Will take some work but... as Leonardo Da Vinci put it: “Simplicity is the ultimate sophistication.”

:)

 
At Aug 29, 2008, 5:37:00 AM, Blogger John of Celtic Ways said...

Thanks Bob, big lesson here. Don't try to sell dreams with your web site. E.g., I find I can no longer stand MySpace pages with the flashes and noise.

When I go to web sites I want to know who, what they do, where they are, what to buy asap, and doing this on one page is perfect. Then maybe sell the dream with audio and YouTube streams if you want to hang around and find out more.

Tight hook up to social sites is also essential now I find, and I'm a huge new Facebook fan now.

 
At Aug 30, 2008, 10:17:00 AM, Anonymous Robin said...

I have to reiterate what lisamarie said about "design." Part of design is laying out information in a way that not only looks appealing, but also makes it easy to find and easy to access.

I don't find putting it all on one page in what basically looks like an amalgamation of text really does the trick. You're instantly overwhelmed with information and if you're just looking for something as simple as tour dates, you have to let your eyes adjust before you can find it.

Whereas putting up a link that says "Shows" would be a lot easier. Click on it and boom, JUST the information that you're looking for.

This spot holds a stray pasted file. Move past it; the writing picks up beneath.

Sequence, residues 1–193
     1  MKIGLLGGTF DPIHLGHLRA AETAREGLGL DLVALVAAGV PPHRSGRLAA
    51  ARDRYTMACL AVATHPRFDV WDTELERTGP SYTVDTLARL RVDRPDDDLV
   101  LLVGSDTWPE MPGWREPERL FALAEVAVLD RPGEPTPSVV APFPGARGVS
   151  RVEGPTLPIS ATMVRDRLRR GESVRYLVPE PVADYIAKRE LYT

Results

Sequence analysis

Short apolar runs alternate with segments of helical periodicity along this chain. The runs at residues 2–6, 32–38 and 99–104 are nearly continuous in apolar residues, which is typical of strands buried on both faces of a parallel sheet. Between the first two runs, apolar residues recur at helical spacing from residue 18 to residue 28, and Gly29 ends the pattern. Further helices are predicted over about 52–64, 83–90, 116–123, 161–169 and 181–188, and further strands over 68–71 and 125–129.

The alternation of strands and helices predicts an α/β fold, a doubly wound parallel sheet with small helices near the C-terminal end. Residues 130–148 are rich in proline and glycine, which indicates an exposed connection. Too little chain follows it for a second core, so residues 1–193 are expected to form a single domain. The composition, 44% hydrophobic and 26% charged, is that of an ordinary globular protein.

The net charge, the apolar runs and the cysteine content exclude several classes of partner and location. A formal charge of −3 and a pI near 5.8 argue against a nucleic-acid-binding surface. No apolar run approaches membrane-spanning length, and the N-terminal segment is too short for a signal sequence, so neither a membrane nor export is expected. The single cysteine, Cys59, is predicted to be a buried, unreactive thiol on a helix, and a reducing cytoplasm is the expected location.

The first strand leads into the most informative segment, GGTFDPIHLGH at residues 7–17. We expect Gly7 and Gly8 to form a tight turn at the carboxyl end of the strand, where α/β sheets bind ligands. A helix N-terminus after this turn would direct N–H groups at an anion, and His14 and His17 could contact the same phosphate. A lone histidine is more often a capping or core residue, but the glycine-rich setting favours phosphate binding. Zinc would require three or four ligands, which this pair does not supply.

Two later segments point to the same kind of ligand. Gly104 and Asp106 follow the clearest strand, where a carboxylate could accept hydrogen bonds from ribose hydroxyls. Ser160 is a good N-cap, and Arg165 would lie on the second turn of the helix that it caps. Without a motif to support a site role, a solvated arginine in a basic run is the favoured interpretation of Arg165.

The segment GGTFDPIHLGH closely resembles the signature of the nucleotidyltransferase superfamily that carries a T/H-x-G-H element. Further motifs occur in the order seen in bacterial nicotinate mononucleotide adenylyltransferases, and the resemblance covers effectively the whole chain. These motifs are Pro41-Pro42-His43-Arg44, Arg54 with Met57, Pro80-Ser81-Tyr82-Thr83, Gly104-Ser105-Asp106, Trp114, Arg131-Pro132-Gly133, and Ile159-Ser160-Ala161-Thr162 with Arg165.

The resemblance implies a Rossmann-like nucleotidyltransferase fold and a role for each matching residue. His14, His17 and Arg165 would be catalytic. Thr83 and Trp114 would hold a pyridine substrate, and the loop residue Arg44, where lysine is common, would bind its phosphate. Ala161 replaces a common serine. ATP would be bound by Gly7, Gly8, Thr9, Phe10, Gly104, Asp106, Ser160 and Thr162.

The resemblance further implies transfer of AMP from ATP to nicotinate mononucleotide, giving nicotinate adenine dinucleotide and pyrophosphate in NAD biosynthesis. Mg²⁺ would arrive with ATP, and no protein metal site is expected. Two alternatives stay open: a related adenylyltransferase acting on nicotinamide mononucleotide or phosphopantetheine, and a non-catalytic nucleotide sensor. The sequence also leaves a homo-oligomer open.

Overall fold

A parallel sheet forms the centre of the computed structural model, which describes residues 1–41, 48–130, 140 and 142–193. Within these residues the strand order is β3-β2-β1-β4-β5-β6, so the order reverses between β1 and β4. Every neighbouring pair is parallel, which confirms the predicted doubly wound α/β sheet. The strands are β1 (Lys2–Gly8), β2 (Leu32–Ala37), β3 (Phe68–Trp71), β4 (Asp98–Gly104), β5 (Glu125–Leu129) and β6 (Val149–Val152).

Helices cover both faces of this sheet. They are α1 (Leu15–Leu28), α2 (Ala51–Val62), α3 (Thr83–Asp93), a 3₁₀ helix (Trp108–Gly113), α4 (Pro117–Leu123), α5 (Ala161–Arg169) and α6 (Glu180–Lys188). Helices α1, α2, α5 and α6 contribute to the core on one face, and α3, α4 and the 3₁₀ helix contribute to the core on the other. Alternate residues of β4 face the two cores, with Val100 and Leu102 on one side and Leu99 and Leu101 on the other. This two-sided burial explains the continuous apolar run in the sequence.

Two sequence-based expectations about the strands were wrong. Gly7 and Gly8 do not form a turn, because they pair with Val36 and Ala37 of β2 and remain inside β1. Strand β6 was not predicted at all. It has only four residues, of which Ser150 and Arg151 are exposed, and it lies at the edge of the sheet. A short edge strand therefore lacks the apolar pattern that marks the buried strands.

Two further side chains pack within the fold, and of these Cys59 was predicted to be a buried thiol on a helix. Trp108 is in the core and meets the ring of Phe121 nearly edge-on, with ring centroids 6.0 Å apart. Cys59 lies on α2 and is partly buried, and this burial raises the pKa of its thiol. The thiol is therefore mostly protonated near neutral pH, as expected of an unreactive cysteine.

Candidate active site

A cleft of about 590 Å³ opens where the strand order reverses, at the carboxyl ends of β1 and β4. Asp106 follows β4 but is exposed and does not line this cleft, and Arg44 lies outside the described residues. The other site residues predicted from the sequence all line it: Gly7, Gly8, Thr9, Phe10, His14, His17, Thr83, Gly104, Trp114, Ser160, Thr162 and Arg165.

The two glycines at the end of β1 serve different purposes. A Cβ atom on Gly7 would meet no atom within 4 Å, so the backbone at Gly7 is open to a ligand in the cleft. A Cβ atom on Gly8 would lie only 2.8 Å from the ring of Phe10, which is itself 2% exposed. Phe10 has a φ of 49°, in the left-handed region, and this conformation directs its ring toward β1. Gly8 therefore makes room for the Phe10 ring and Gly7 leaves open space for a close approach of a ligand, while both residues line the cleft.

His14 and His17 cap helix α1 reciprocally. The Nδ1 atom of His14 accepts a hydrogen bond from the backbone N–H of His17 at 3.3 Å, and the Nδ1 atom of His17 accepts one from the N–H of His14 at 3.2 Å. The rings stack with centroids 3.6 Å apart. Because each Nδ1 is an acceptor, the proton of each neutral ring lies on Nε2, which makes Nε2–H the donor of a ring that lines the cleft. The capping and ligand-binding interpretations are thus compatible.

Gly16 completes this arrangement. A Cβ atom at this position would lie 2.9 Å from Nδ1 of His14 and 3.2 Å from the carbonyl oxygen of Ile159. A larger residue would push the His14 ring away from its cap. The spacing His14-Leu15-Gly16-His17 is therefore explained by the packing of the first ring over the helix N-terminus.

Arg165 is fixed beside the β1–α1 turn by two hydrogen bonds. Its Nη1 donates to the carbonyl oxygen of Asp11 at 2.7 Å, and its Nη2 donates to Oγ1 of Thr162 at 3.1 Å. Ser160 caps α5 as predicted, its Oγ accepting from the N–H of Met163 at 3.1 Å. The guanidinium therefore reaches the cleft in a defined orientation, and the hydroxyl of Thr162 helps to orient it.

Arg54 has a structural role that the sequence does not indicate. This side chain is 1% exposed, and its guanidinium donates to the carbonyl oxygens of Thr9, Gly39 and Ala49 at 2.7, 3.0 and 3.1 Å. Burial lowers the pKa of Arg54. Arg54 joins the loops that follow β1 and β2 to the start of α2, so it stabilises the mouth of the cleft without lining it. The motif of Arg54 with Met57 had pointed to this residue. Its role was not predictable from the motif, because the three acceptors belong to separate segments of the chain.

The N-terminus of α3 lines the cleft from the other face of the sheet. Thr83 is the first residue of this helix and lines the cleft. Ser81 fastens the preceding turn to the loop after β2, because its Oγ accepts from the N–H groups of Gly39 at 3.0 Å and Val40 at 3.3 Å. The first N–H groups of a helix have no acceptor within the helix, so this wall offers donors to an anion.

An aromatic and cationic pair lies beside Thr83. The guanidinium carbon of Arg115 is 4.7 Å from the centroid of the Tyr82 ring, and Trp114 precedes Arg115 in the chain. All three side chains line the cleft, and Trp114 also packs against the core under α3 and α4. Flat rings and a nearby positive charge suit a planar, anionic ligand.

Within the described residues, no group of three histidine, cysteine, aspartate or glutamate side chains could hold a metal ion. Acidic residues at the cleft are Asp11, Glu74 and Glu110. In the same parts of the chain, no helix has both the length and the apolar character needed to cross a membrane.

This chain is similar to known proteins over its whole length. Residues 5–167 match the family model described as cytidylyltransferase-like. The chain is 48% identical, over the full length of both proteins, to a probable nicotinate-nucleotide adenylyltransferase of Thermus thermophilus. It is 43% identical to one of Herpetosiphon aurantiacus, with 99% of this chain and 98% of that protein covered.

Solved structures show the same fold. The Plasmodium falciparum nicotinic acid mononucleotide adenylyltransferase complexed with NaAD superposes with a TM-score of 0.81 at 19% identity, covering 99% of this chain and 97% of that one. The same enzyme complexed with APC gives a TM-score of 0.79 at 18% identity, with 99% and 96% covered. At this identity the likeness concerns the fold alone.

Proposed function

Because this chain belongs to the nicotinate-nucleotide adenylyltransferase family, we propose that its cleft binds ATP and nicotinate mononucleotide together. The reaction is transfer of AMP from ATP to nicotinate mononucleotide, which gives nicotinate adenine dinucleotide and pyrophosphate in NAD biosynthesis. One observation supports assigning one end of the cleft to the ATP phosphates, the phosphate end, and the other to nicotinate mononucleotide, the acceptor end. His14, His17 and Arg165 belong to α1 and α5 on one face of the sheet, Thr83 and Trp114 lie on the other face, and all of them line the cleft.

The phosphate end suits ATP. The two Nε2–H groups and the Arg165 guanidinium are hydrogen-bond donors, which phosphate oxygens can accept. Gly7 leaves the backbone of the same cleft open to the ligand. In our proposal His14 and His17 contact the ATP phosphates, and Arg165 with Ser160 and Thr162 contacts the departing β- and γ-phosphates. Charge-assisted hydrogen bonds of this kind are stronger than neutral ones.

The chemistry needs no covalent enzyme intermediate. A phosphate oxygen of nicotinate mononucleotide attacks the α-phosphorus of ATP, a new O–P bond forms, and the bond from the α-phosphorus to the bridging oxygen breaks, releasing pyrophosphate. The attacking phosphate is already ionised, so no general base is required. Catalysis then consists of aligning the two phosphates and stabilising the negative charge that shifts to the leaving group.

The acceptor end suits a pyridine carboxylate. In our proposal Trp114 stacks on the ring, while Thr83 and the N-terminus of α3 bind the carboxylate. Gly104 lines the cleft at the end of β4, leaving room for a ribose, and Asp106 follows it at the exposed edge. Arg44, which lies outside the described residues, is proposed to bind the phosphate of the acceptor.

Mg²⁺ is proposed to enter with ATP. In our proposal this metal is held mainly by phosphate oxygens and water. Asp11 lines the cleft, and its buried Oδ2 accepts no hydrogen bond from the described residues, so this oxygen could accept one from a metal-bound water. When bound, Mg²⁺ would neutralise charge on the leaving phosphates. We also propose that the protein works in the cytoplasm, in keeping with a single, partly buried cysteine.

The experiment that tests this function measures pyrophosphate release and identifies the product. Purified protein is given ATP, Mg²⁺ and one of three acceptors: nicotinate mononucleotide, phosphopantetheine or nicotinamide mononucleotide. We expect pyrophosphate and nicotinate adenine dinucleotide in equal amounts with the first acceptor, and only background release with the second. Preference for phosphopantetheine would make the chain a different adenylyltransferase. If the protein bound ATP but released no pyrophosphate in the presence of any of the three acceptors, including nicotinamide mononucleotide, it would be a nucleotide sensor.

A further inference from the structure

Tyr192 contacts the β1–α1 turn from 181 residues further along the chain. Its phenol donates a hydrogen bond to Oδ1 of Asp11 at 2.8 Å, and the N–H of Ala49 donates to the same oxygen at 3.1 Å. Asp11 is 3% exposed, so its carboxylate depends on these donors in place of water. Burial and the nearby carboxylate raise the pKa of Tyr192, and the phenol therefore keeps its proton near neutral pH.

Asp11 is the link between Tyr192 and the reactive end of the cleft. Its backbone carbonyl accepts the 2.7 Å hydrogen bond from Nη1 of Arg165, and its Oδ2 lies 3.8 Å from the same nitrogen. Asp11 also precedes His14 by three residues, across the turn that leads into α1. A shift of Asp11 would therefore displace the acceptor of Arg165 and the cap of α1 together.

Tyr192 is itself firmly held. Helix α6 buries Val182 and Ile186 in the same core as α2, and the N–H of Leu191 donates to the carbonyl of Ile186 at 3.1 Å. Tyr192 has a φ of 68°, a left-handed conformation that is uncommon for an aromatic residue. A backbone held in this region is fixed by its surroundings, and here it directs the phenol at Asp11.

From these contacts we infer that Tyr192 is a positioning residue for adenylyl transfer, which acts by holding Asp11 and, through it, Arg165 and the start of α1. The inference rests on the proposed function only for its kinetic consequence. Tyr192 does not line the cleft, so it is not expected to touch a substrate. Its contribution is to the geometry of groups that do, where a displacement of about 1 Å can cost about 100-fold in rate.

The information on the page is great, but it's not really that usable.

And not only is there a mailing list sign-up missing, but what about something that allows us to listen to the music. When I'm on a music page, that's the first thing I usually look for.

So I suppose this page is great for existing fans, but it's not compelling enough to bring new fans into the fold.

 
At Aug 30, 2008, 10:48:00 AM, Blogger Bob Baker said...

In response to Lisa Marie and Robin:

I thought I made it clear in the post that I am not advocating that every artist needs to use a one-page web site.

I even wrote, "This site won't win any design awards ... You may not want your music web site to be this stripped down, and that's fine. But I encourage you to keep these simplicity principles in mind."

That was the whole point: Start from a position of simplicity. Make it easy for fans to find what they need quickly. Make your visitors' needs more important than your need to impress.

Look around my own web site. It couldn't possibly fit on one page. But I strive to organize it in a way that makes it easy for people to find what they need quickly -- while still serving my own goals and needs.

That's all :-)

Bob

 
At Sep 4, 2008, 1:20:00 PM, Blogger thehippynuts said...

I think the one page webpage is very zen, very confident--this idea made me go into our site and change the order of the pages/buttons so that at least
reading from left to right, I guide visitors to the most important stuff first--in case they don't want to look at all of the pages..I left the bio and press last because
that's more for industry than for fans. thanks Bob.
Kathena Bryant
www.thehippynuts.com